"As a writer you feel as if you're 20 years old.  You have that enthusiasm.


"As a person, you're 60-odd years of age, and there's no denying that you've got all the baggage that goes with that.  And a lot of thatbaggage is the perception people have of you.


"There's the difficulty you have trying to get radio play because you're history.  Well that's a nice challenge.  I like the fact that I write songs and still enjoy doing it.


"I like the fact that  I get to create something new again and again, but I have no ide haow it's going to sell.


"And I don't lose any sleep over how or why it might be successful. I just like doing what I'm doing, and the great thing about our business is, it's so unpredictable, you never know what's around the corner.


OLDER

O'Sullivan turned 60 in 2006, a fact perhaps reflected by the line "Mirrors never lie/Let's not go there".


"Well, as a person, you're conscious of it, but I wouldn't lose any sleep about it. There was a song planned for the last album, I Love Being Old, but I never got around to recording it. "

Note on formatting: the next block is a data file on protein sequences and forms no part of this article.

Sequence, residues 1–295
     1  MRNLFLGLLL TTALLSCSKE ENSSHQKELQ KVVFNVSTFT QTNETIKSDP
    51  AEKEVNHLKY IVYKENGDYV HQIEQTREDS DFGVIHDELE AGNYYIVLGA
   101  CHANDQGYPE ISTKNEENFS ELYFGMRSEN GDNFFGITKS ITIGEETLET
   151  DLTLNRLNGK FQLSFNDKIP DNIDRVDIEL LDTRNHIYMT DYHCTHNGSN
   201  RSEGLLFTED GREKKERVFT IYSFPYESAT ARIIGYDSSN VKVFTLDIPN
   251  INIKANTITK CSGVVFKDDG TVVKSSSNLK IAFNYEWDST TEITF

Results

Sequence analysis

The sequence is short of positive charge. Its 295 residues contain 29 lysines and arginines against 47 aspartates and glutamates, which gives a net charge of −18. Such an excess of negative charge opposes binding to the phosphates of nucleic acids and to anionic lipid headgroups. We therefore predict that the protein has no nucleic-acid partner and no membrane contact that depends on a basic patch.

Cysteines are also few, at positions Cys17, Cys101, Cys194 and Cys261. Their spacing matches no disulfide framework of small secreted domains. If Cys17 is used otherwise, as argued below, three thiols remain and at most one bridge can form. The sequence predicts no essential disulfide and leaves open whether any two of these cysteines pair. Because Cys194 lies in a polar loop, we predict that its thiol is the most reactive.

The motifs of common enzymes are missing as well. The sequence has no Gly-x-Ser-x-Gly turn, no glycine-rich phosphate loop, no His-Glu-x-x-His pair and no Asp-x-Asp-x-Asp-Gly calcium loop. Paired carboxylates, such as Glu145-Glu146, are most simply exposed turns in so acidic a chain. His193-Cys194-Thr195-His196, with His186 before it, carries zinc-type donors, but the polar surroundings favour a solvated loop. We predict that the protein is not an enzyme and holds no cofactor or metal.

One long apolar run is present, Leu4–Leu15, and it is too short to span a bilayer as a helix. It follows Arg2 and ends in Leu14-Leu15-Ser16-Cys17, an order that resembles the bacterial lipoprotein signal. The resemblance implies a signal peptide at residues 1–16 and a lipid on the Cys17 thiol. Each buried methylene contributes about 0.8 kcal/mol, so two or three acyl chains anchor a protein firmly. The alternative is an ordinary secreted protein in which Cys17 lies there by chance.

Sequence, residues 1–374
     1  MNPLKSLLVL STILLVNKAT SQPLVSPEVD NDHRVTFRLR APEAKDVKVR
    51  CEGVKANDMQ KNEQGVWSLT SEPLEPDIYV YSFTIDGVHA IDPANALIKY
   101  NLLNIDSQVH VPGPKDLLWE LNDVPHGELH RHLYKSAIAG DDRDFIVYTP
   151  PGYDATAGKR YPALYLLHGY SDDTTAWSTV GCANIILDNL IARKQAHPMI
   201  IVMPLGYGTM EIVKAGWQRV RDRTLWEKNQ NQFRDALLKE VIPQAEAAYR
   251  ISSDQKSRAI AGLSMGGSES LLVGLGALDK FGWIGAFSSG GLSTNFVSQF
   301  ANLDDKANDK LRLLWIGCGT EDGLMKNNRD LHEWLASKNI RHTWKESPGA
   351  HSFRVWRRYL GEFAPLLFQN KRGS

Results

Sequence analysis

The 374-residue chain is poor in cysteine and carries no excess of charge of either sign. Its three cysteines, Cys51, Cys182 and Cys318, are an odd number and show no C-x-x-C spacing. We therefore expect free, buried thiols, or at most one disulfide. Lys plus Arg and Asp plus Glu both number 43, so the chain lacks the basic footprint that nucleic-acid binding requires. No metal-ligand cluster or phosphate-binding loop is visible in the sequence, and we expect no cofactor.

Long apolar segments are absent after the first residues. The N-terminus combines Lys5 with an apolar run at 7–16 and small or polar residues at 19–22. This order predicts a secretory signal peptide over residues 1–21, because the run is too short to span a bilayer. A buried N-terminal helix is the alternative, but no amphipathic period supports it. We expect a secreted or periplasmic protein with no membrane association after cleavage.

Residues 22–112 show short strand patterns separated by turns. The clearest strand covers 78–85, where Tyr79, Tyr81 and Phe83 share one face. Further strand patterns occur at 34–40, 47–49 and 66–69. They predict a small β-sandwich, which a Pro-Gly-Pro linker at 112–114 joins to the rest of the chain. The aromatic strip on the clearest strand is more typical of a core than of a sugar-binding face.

Was he too tired?


"Probably. I can do that one anytime though [laughs]. From a songwriting point of view, I can no longer write about being young and in love and about myself. I put myself into a situation where I'm writing about someone else being young and in love. I have to go third person now.

"I can write about young romance from a lyricist's point of view, from a distance, but I actually like writing songs about being old. About growing old disgracefully.